You are 14 weeks pregnant or in your 15th week of pregnancy (counting from the first day of your Last Menstrual Period).
Keep in mind that this information is approximate. Each pregnancy is different and growth rates vary. For variations and details, please talk to your doctor.
What’s happening to the baby?
- The baby’s bones are beginning to harden. The baby's skeleton is developing too.
- The baby’s external genitals will have formed and it is scientifically possible to determine your baby’s gender (of course in practice it is not possible since it is illegal to determine the baby’s gender in India).
- Your baby’s eyes and ears are maturing. But your baby still cannot hear because the hearing capacity in the brain is still developing.
- Babies start hiccupping before breathing and it is possible that your baby might start hiccupping now.
- Baby is also starting to move a lot.
- Your baby is about 9 centimetres long (Crown to rump length) and weighs about 45 grams.
What’s happening to mom?
- Your breasts will become large and swollen. You will notice many blue veins in your breasts. This is because of the increased blood supply supporting the function of milk production in your breasts. In fact, many moms might notice their breasts oozing colostrum when pressed. Colostrum is a thick yellowish secretion that precedes the coming of milk once the baby is born. Even though the quantity of colostrum is limited, it is supposed to be packed with essential nutrients for the baby. Even though you are months away from your baby, your body has started preparing for the baby.
- Many women might notice a thin white vaginal discharge called leukorrhea. This is normal and brought about my hormonal changes. Keep yourself clean and if it is uncomfortable, use a sanitary napkin. But if the discharge is yellowish/green or foul smelling or causes redness and itchiness, call your doctor because it could be a sign of urinary infection.
- You might already have started noticing stretch marks. Depending on the colour of your skin, these could be pink, red or brown thin lines mainly in your abdomen. The skin stretches to accommodate the growing weight.
Checklist for mom
- Take stock of your doctor’s visits and tests and ensure that they are in your calendar.
- If you have not already, talk to your doctor and schedule the Maternal Serum Marker test or AFP that all women need to take. This is a blood test that is taken between the 15th to 18th weeks and screens for Down syndrome or other birth defects. If the test shows abnormal results, then it does not mean that the baby has birth defects. It just requires further detailed diagnostic tests like amniocentesis.
- If you are above 35, and have a history of birth defects in your family, then your doctor might want you to take the amniocentesis test anyway, even without waiting for the results of the AFP test. Amniocentesis is the definitive diagnosis for Down syndrome and other birth defects and can be taken from 15th to 18th weeks. Discuss this with your doctor and spouse. This test is more intrusive and involves a specialist taking a sample of your amniotic fluid with a syringe.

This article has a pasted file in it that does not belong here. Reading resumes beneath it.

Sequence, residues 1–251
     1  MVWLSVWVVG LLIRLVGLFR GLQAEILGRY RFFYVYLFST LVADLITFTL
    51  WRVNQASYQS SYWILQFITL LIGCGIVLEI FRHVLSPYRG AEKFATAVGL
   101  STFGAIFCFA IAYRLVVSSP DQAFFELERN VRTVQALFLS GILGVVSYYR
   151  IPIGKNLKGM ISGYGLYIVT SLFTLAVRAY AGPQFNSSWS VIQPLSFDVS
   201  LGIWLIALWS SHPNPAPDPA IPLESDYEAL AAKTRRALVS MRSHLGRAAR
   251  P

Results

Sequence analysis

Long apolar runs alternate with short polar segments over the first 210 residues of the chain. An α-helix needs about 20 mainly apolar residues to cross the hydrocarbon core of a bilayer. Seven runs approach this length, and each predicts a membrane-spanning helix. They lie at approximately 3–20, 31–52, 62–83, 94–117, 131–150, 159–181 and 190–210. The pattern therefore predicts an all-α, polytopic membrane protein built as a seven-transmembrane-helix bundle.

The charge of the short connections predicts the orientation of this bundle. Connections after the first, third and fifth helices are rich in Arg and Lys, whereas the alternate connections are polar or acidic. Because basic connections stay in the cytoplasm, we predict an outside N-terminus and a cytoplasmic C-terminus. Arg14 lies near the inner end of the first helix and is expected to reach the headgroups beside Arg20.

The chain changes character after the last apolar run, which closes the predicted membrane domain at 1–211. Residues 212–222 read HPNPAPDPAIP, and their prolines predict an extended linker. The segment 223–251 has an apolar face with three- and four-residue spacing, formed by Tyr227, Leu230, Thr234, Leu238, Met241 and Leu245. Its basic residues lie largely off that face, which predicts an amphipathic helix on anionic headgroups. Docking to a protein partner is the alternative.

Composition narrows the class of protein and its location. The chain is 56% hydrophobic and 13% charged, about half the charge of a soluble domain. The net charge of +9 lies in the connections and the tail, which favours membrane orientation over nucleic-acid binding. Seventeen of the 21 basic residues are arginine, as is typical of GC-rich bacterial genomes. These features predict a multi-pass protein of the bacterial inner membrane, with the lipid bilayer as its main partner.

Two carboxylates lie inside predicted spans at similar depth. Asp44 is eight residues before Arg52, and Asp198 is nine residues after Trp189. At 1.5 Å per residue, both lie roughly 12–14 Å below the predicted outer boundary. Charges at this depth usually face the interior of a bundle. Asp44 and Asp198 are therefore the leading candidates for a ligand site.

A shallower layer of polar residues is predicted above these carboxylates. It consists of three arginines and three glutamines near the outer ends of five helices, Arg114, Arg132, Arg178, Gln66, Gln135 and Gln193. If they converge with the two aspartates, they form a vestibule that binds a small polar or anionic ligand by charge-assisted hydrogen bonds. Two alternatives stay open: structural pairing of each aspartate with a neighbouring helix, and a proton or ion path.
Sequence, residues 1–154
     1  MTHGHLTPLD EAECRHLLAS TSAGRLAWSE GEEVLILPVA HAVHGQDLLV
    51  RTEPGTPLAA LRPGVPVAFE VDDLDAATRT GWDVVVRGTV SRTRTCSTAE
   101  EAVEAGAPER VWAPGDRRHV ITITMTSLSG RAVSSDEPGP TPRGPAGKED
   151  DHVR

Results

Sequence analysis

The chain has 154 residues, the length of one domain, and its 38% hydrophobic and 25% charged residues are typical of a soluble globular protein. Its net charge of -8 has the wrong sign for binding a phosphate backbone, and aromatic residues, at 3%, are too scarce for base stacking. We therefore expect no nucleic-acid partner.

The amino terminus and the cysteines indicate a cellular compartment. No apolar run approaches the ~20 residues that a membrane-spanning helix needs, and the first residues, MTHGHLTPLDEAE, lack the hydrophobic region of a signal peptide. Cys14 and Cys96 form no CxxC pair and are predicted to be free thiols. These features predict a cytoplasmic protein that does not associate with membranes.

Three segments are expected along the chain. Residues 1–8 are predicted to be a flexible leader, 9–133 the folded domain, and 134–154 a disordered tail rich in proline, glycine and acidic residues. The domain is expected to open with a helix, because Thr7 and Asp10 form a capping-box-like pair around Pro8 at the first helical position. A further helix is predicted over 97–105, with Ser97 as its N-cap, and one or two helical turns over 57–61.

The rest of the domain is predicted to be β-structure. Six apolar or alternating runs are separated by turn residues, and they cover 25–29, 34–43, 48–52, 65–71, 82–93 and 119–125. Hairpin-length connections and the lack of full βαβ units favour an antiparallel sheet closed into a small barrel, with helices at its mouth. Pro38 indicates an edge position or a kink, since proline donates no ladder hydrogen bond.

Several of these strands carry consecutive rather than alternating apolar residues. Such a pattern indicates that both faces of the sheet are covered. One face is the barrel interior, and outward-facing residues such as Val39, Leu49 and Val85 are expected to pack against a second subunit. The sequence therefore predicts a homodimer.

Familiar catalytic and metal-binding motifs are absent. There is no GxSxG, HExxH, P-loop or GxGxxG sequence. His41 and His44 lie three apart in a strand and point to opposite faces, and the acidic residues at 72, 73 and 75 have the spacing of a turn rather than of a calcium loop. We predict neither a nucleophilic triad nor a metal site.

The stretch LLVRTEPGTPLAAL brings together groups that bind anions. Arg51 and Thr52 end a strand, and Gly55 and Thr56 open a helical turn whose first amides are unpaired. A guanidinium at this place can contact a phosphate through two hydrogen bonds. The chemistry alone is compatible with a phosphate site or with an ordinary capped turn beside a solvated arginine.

- Refresh your knowledge on what’s safe and what’s not during a pregnancy.
- 10-14 kilograms is the recommended weight gain during pregnancy for Indian mothers, with 1.5 - 2 kilograms per month in the second trimester. Remember, the extra energy that is required is only 300 kcal/day and any consumption above this will only add empty calories and weight to the mother. The usual Indian advice is to eat for you and for the little growing baby and not necessarily for two adults. Focus on nutrition and not the quantity of food.
Ideas for dad
- If your wife is above 35, or if you or your wife have a history of birth defects in your family, then your doctor might want her to take the amniocentesis test which is the definitive diagnosis for Down syndrome and other birth defects. Discuss this with your wife and the doctor. This test is more intrusive and involves a specialist taking a sample of your amniotic fluid with a syringe.
- Continue to be supportive of mom in domestic and other errands. Remember that you are a team in this “project baby” and in general in life.
- You might feel overwhelmed with all the doctor’s visits, tests, maternity shopping and future baby shopping. Relax and take one thing at a time. Making a list focusing on the important things will really help. Remember that your health and wellbeing are the most important right now.
- Is it safe to carry heavy loads? It is not safe to carry very heavy loads (like heavy furniture, an older child etc.) any time during pregnancy. Even if you have a low-risk pregnancy, you need to be careful carrying everyday objects like (a toddler, shopping bags) during your delicate first trimester because of the risk of miscarriage. But later it might be okay for you to carry everyday loads. The risk is not just to your baby but also your back. So here is how you can be careful not to harm your back:
- Do not bend suddenly
- Bend from your knees instead of your hips for picking up.
- Use your thigh muscles instead of your back muscles to get your power.
Useful Parentree articles for this stage of pregnancy